Facts about ticks

Photo: Robert Whyte

What are they?

Ticks are arachnids (related to spiders and scorpions- adults ticks have 8 legs).  They are parasites, specifically “ectoparasites” which means they live on the skin of hosts.  Ticks must feed on the blood of animals to survive, grow and reproduce.

Life cycle

Ticks go through 4 life stages:

  1. Egg
  2. Larva or seed ticks (tiny dots of 0.5mm)
  3. Nymph (bigger dots of 1mm)
  4. Adult (from about 4mm to 10mm when engorged)

Ticks must get a blood feed to progress from larva to nymph; then nymph to adult. An adult female needs another blood meal before she can lay a clutch of eggs. Ticks are not fussy about what creatures provide the blood. They will feed from all mammals, birds and reptiles.

So a tick’s life could go something like this:

Where are they?

In Australia there are more than 70 species of ticks.  The nastiest is the paralysis tick, Ixodes holocyclus. It inhabits the eastern coast of Australia and a band 20 or 30 km inland, from around Cape Conran in Victoria in the south to Cooktown in Queensland in the north.  Some places (such as the northern beaches of Sydney) are notorious hotspots for Ixodes holocyclus. The distribution is changing and occurrence of Ixodes holocyclus has been reported from central Victoria and Melbourne suburbs.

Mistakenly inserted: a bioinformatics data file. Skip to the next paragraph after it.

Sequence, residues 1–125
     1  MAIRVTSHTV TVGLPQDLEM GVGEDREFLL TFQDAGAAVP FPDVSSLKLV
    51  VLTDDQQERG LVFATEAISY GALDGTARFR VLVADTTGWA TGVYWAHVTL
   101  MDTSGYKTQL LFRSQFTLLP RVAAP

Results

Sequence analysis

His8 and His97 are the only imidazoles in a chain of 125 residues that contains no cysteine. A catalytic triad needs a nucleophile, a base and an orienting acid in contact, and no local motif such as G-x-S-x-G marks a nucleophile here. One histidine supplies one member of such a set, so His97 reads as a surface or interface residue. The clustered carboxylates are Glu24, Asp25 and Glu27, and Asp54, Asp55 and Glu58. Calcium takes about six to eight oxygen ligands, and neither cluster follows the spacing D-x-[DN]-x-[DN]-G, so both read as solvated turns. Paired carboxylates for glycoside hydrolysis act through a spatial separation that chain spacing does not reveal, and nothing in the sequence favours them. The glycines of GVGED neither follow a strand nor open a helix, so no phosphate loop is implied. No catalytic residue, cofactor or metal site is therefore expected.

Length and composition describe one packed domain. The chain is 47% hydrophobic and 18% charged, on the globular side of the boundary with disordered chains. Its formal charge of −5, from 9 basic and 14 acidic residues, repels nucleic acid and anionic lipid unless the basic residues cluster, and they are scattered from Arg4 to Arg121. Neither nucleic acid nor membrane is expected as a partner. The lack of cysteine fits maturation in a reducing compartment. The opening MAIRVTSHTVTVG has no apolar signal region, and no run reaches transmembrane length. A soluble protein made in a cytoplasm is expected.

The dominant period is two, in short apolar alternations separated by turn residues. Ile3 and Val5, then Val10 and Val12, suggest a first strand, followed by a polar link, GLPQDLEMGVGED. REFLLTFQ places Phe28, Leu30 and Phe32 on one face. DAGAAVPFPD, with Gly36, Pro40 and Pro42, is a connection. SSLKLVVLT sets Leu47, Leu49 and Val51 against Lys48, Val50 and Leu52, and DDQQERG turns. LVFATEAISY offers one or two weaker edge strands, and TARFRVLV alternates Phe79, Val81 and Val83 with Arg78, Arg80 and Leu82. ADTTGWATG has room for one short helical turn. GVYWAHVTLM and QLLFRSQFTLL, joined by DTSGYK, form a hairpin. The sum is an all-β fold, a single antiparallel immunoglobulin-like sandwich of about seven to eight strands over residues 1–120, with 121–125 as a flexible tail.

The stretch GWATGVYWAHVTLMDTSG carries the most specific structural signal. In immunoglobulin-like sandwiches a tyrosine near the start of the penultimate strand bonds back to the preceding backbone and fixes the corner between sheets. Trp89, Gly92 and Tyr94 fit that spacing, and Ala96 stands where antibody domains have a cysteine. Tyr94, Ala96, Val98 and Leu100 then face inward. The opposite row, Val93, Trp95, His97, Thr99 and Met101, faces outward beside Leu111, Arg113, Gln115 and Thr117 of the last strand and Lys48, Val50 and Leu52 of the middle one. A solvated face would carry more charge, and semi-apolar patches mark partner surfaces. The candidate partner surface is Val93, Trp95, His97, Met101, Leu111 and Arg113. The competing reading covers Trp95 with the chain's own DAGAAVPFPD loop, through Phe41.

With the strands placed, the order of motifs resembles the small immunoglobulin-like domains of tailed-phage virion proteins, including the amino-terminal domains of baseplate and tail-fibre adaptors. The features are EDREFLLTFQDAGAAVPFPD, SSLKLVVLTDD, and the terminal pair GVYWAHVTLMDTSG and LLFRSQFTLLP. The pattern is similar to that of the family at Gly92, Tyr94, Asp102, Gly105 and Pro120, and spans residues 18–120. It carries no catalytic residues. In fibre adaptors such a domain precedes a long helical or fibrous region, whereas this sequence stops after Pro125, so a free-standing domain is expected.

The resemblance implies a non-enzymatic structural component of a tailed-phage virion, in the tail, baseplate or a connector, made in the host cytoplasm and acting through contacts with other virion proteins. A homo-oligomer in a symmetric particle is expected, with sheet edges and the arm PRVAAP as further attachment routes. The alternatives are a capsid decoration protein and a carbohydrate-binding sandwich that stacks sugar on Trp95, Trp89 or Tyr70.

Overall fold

More facts

What happens when a tick bites?

Tick finds soft skin. Squirts out anaesthetic before stabbing in its reverse barb jaws.
It anchors itself with its very long “hypostome” (a feeding tube that is covered in hooks).
Sucks in blood and squirts out toxins and germs. The longer it’s alive, the more toxic load it spits out.
What happens when a tick bites? (more information)
Adult ticks are masters of stealth. They crawl up without alerting its host and find a spot (hairline is common) where they may go unnoticed. The bite starts with a little squirt of anaesthetic – so the host doesn’t feel the stab of the backward barbed jaws sawing into through skin.  Australian paralysis ticks have extremely long jaws which pierce through skin of the host and into the blood supply. Some ticks (not the Australian paralysis tick) make a clever secretion of ‘cement’ material. This substance acts like a builders’ plug used to secure a screw into a wall. The cement bonds the tick’s jaws into the host while allowing blood to be sucked out, and, unfortunately for the host, toxins and pathogens from the tick to be squirted in. Once the attachment is secured, the tick can stay undetected as it administers (via its saliva) a cocktail of chemicals that minimise the hosts swelling and itching and prevents blood clotting. As feeding continues the tick starts to swell and the exudate (spit) from the ticks salivary gland into the host increases. The saliva contains lots more than just the ‘stealth’ chemicals. Some of the nastier elements are listed in “why are ticks so toxic”?
Why are ticks so toxic?

Some of the nastier consequences of a tick bite include:

  • severe life threatening allergic reactions to the tick bite in susceptible people